front3();
	}
	
	public static void front3(){
	
	String str="hellom";
	char[] charArray=str.toCharArray();//charArray has h e l l o in index positions 0 1 2 3 4 
	int indexOfLastChar=charArray.length-1;//4
	for(int i=0;i<charArray.length/2;i++){
	char temp=charArray[i];////first iteration temp-->h  second iteration--->e
	charArray[i]=charArray[indexOfLastChar-i];//first iteration--> o e l l o second iteration--->o l l l h
	charArray[indexOfLastChar-i]=temp;//first iteration--> o e l l h second iteration--->o l l e h
	}
	String reversedStr=new String(charArray);
	System.out.println("actual string "+str+" reversed string "+reversedStr);
	}
}

Open in new window


I saw as above.

Looks like iteration happening in for loop only 2 times when i=0 and when i=1
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gudii9Author Commented:
i wonder why iteration  did not happen  when i=2.

I mean when i=2 instead of control going inside the for loop(since 2<2.5) it came out of the for loop which is not clear to me.

Also if the string has even number of characters let us say "abcdef"
Does it still work. Seems it is working. I wonder how it is working for string has even number of characters let us say "abcdef"(in this case 6 is legth so devided by 2 would be 3)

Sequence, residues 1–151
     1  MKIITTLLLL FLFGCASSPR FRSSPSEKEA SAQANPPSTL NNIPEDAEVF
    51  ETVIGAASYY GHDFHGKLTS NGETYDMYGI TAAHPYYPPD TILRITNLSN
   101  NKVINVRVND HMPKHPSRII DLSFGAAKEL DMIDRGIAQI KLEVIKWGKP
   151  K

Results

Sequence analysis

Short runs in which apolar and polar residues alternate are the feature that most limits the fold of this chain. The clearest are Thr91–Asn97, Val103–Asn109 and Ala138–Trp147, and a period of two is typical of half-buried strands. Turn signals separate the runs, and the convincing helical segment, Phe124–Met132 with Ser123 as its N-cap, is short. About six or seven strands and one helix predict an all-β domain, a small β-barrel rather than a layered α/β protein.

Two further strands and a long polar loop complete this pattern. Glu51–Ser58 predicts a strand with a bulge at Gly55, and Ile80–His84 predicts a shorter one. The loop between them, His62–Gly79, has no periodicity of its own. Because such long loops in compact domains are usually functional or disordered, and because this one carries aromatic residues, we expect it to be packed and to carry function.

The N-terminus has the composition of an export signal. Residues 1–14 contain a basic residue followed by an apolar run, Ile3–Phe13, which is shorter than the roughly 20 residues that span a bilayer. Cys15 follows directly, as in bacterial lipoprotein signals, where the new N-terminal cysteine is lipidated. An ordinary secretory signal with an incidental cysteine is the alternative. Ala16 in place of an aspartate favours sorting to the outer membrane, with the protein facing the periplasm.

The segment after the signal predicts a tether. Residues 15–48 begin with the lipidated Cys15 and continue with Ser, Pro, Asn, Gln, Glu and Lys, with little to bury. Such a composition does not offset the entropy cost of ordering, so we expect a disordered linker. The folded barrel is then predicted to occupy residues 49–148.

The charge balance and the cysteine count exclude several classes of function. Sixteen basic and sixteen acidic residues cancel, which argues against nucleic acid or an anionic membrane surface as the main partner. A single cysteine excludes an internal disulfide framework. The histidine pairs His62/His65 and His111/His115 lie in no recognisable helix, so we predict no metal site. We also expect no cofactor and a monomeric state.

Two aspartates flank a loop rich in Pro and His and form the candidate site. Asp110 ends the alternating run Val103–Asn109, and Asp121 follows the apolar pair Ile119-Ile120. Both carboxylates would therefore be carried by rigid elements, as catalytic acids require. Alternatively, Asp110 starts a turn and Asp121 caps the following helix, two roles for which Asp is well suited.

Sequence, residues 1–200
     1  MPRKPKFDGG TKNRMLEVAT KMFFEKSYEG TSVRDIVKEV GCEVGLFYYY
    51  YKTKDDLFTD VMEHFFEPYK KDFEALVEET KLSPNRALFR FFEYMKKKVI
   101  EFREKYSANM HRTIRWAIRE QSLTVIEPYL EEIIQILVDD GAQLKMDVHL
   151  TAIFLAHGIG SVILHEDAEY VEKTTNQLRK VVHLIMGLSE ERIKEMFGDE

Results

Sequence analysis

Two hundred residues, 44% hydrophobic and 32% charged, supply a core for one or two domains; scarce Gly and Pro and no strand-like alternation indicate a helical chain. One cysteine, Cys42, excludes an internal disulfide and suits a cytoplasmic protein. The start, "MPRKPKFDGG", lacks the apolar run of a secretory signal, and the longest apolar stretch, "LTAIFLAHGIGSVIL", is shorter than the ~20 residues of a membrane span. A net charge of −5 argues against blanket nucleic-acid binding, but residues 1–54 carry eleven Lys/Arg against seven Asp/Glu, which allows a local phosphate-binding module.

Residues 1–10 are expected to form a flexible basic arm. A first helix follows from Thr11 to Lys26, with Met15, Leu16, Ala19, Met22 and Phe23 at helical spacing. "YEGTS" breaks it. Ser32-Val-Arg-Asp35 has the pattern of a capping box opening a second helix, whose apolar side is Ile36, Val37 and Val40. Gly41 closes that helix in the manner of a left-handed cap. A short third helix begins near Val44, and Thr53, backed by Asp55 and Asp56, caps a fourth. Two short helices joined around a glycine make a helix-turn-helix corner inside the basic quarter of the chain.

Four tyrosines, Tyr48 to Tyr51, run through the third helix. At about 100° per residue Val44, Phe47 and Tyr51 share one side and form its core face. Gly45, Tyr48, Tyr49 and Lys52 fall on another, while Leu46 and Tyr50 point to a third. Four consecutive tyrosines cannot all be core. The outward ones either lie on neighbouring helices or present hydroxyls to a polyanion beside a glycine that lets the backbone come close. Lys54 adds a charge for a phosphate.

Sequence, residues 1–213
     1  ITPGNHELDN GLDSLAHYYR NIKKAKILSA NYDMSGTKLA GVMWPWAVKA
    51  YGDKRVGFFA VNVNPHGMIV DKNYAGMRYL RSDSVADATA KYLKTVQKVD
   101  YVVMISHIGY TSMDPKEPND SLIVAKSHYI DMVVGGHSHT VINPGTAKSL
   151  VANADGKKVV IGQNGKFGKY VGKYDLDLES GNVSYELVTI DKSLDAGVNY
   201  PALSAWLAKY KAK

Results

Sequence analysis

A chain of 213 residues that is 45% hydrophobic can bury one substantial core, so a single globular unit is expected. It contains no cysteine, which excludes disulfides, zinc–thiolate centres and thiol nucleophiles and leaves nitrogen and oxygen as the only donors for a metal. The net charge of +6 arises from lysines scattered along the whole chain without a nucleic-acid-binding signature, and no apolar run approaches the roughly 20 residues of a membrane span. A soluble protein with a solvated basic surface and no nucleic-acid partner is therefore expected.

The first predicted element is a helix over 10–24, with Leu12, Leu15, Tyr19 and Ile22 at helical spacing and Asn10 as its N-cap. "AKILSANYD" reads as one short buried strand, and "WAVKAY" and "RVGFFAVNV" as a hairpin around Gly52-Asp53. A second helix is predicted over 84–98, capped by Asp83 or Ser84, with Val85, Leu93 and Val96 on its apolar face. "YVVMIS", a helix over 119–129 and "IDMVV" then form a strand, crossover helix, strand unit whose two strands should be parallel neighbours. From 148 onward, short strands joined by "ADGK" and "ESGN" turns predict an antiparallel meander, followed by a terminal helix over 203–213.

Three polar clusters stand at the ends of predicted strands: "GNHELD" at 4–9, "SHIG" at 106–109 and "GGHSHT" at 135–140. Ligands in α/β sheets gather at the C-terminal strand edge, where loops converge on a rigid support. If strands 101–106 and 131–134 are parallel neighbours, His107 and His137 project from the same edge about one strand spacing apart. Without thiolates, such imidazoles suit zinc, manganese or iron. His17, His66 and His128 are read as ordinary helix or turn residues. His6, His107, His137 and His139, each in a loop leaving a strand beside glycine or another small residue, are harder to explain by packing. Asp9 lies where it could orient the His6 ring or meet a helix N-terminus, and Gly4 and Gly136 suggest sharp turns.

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awking00Commented:
It works because i is defined as an int and 5/2 as an int datatype in Java = 2 and not 2.5 and 2 is not less than 2. To get 5/2 to be 2.5 you would need to make it a double or float datatype. The String will work with even characters in the same way  In your sample case, 6/2 = 3 and 3 is not less than 3, so it would swap index 0 with 5, index 1 with 4, index 2, with 3, then break out of the loop.
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mccarlIT Business Systems Analyst / Software DeveloperCommented:
And to answer a previous question of yours...

when i removed /2

i got output as below(it did not reverse the string).

(Again, following this through with the debugger should have given you a good idea but...) What is happening is that the characters are getting swapped TWICE. ie, after the first two iterations through the loop, the characters in the array spell "olleh" but then since you keep the loop going further the e and the l get swapped again making, "oellh" and then the h and the o get swapped again making, "hello". So it IS actually reversing, but then it reverses it again returning it to the original string.